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Logo for Malmquist Oral and Maxillofacial Surgery

Oral and Maxillofacial Surgery
Specialists in Dental Implants

History of Dental Implants


Dental implant graphicDental implants are often discussed as a new procedure, but this is far from true. The surge in recent popularity comes following decades of research and statistics that demonstrate high rates of success. The success of dental implants is due in large part to our own natural ability to heal, which our staff at Malmquist Oral and Maxillofacial Surgery would be happy to explain. The history of dental implants goes back much further.

Dental implants work in large part because our bone is continuously growing and renewing. Implants are sunk into the bone, and then the bone grows around the device, fusing the two. Today, we have perfected this science by adding threads to the implant, giving more surface space for the bone to grow, and finding just the right materials to react best with our biochemistry. The knowledge we have today began from seeing the attempts of centuries past.

The Long History Prior to Dental Implants


Teeth problems, including infection, rot, or loss of, has always been an issue, though the history of dental care is relatively new. Before the turn of the 20th century, most people just had a bad tooth pulled, and they were left with a missing tooth. Missing teeth will affect what you can chew and will even change your speech. Evidence shows us that the loss of teeth was troublesome for so many of our ancestors.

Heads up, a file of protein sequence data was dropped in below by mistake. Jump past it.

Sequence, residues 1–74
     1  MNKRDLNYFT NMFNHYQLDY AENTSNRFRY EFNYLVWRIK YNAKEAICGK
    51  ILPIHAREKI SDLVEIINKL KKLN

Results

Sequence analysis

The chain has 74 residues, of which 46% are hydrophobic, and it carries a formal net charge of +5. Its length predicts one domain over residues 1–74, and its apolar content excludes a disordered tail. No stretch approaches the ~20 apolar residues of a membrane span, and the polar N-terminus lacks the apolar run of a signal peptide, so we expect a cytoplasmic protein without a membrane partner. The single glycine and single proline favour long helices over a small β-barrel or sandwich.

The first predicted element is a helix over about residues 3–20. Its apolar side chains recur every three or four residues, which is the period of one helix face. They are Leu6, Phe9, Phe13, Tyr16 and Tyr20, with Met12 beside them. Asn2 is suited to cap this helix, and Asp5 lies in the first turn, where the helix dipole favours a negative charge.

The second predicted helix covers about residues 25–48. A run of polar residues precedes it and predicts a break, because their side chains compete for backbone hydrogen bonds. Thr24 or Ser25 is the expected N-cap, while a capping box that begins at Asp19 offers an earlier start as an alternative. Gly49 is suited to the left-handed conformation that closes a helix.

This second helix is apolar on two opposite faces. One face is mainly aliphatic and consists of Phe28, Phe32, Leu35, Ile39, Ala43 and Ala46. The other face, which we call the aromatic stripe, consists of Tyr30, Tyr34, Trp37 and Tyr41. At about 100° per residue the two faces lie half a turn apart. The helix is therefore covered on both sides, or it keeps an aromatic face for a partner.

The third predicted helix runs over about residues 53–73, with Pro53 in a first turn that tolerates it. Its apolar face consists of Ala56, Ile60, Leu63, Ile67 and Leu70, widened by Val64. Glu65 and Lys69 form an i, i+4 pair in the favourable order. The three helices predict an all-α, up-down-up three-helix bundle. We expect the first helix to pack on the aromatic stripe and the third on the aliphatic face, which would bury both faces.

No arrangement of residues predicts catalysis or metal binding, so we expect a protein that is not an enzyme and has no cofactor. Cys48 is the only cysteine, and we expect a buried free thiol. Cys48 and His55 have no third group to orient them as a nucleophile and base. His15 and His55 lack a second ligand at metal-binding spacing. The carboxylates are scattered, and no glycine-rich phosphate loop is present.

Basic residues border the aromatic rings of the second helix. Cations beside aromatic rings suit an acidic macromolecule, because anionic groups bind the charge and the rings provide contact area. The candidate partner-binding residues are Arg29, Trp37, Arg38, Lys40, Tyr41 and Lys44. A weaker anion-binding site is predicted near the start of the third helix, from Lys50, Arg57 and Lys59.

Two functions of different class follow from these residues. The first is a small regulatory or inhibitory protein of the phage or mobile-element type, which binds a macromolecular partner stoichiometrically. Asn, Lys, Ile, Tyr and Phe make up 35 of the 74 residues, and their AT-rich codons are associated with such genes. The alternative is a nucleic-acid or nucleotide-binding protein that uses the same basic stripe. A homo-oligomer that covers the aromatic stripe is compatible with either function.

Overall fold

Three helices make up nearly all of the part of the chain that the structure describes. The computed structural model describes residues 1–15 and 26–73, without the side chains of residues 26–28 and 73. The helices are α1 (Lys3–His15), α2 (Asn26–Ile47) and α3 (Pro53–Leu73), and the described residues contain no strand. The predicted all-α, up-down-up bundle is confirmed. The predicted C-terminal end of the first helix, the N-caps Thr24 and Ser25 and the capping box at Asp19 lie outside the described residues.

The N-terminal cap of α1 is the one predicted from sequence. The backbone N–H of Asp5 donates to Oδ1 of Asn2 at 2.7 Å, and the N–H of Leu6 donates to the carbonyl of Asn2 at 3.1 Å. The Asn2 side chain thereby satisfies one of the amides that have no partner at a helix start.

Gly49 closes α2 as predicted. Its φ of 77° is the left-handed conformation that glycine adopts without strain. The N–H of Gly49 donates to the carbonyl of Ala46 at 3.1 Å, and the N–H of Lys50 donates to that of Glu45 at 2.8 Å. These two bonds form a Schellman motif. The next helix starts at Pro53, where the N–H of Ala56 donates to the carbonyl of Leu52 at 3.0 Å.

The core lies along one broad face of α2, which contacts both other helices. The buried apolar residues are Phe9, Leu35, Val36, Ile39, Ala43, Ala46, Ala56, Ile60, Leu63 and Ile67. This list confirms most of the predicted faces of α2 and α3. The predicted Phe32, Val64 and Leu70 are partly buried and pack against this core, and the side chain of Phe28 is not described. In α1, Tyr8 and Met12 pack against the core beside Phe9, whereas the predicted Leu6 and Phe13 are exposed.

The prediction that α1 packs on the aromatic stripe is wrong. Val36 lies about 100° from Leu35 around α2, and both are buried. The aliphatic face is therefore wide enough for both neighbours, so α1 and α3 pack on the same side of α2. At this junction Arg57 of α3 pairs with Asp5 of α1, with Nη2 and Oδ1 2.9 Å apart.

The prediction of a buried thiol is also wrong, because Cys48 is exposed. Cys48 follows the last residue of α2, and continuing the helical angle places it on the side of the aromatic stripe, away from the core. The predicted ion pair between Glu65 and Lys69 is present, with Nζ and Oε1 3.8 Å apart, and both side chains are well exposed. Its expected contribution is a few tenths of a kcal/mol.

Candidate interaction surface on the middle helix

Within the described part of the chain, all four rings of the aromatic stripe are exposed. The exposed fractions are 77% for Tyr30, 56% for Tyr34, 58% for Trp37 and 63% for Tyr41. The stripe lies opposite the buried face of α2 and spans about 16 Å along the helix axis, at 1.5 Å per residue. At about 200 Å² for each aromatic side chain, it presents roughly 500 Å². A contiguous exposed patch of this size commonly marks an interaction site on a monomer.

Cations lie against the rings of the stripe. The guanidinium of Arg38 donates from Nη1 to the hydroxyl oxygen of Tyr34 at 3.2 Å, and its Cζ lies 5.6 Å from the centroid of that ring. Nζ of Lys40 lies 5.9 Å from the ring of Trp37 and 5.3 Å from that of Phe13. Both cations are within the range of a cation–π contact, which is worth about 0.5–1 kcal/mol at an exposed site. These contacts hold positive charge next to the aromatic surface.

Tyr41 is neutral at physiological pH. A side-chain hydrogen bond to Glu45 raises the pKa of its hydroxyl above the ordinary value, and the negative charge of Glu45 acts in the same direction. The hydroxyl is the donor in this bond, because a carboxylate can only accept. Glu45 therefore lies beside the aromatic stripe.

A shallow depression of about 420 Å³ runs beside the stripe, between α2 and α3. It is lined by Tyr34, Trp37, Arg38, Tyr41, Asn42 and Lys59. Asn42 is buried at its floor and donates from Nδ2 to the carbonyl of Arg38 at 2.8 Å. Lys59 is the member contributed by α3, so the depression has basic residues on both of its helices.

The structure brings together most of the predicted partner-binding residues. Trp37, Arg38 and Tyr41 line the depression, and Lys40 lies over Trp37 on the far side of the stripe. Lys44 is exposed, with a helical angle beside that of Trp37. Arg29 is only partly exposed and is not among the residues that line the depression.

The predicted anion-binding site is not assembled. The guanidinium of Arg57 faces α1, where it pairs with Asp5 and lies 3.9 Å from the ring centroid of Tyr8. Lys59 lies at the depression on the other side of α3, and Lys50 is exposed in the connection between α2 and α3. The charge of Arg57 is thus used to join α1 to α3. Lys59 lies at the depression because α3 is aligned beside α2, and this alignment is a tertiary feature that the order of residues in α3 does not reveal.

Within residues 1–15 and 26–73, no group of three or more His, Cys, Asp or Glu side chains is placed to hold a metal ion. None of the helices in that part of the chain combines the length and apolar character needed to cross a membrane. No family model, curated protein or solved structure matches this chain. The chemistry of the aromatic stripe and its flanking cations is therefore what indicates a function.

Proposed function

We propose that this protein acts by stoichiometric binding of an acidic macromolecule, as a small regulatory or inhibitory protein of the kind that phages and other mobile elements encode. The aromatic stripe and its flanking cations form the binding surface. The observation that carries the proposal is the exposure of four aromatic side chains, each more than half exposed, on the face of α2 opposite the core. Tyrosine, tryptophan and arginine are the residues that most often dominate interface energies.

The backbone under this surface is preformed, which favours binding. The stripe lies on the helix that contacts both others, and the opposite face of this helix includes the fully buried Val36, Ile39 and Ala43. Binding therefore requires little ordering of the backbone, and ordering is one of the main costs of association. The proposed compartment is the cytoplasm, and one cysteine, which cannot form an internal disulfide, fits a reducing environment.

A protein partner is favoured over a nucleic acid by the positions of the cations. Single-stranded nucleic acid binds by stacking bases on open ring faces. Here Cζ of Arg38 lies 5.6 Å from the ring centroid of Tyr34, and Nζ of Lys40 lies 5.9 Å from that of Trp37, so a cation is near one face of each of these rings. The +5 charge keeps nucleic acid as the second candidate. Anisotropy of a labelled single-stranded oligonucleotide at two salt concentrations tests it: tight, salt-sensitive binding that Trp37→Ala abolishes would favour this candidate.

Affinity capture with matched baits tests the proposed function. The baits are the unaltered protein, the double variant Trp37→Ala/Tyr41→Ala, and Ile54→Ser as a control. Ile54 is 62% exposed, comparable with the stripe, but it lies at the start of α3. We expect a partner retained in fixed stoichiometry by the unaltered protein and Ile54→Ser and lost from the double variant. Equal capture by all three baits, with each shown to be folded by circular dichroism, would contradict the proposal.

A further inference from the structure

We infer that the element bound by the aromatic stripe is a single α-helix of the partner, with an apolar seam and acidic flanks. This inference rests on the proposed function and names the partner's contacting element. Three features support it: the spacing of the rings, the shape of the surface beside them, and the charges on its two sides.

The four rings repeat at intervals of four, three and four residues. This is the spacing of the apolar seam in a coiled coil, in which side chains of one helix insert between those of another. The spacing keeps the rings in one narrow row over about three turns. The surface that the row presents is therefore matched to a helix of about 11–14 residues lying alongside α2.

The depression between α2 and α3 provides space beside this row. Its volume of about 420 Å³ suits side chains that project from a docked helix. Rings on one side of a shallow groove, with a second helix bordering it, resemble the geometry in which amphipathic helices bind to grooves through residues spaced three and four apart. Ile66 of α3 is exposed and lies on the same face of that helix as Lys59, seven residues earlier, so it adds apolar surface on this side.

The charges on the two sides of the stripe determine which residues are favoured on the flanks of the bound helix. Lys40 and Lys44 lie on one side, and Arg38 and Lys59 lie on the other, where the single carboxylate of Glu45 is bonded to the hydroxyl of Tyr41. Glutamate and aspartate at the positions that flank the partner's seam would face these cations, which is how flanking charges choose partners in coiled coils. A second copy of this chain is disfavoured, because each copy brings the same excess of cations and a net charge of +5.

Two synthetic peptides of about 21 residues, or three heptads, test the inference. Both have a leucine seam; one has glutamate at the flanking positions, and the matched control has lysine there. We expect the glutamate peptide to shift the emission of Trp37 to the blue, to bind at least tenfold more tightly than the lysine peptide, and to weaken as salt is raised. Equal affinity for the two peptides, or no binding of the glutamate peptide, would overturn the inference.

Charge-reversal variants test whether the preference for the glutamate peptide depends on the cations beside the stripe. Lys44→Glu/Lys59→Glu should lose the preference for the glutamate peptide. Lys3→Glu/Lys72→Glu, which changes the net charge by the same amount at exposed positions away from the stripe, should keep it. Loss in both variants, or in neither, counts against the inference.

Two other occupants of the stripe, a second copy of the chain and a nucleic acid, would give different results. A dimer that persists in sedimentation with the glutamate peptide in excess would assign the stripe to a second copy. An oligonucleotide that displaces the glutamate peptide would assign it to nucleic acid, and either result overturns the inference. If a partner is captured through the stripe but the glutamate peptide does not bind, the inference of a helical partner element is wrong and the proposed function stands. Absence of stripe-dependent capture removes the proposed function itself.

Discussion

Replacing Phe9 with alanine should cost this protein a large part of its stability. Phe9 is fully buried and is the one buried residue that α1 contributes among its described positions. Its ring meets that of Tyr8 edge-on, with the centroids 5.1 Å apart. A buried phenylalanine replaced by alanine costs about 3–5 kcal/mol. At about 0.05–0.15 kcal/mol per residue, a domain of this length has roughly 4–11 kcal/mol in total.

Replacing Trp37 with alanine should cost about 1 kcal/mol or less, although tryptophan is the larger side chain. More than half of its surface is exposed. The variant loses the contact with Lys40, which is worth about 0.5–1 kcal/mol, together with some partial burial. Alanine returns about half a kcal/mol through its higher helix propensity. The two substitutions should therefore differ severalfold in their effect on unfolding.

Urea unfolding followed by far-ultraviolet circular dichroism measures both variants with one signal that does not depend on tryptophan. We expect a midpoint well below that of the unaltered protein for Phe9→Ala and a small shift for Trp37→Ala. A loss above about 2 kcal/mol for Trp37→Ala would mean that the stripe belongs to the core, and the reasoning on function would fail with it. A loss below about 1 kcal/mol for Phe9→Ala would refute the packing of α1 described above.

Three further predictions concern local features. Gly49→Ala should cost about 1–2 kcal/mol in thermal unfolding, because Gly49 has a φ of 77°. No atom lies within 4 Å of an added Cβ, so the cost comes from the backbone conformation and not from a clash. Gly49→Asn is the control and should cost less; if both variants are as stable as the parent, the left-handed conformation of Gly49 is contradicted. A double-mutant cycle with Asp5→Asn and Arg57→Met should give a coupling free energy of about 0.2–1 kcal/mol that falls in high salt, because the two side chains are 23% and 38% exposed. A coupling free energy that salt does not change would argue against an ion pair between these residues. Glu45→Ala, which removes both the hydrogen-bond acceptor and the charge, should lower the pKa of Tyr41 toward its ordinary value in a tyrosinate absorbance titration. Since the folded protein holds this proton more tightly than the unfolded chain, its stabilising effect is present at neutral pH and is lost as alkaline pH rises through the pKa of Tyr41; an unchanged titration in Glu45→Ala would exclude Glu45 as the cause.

We have all heard of wooden dentures, but there were also wooden implants. Scientists have found evidence of ancient people with a variety of materials embedded in their jaws to serve as replacement teeth, much the same way that we embed dental implants. Scientists found human remains with pieces of shell, wood, bamboo, metal, and rock embedded in their jaws as replacement teeth. The fact that people attempted replacing teeth didn’t surprise scientists, but what did surprise them was the body’s reaction to the materials. Scientists found evidence of the bone healing and fusing to the various materials. These early forms of dental implants were done without any thought of what would be biocompatible, or the development of infection, but the science was fascinating!

How does the science of dental implants work?


Dental implants work because of a healing process known as osseointegration. Osseo is a medical term referring to bone, and integration means to fuse or bring together as one. Your bone is constantly renewing itself; the cells are always busy at work growing to keep the bone healthy and robust. When we insert a material that is biocompatible, such as titanium or zirconia, the bone can successfully grow over the material and integrate the two pieces as one.

As scientists discussed the findings of these ancient attempts, they became increasingly interested in bone health, bone growth, and bone repair. In the early 1900’s they began to play with different metal materials to see if bonding would occur. By the 1960’s we knew that titanium was the best choice of metals for bone repair. Studies showed high rates of success, even after ten and then twenty years of placement. Today, the news is out; dental implants are the best way to truly restore a missing tooth and get the best feel and function to your natural teeth.



Fax:

503-297-7810

Address:

1750 SW Harbor Way, Suite # 100, Portland, OR. 97201

Hours:


Mon - Thu: 8:00am–4:30pm
Friday: 7:00am–2:00pm
Saturday: By Appointment Only
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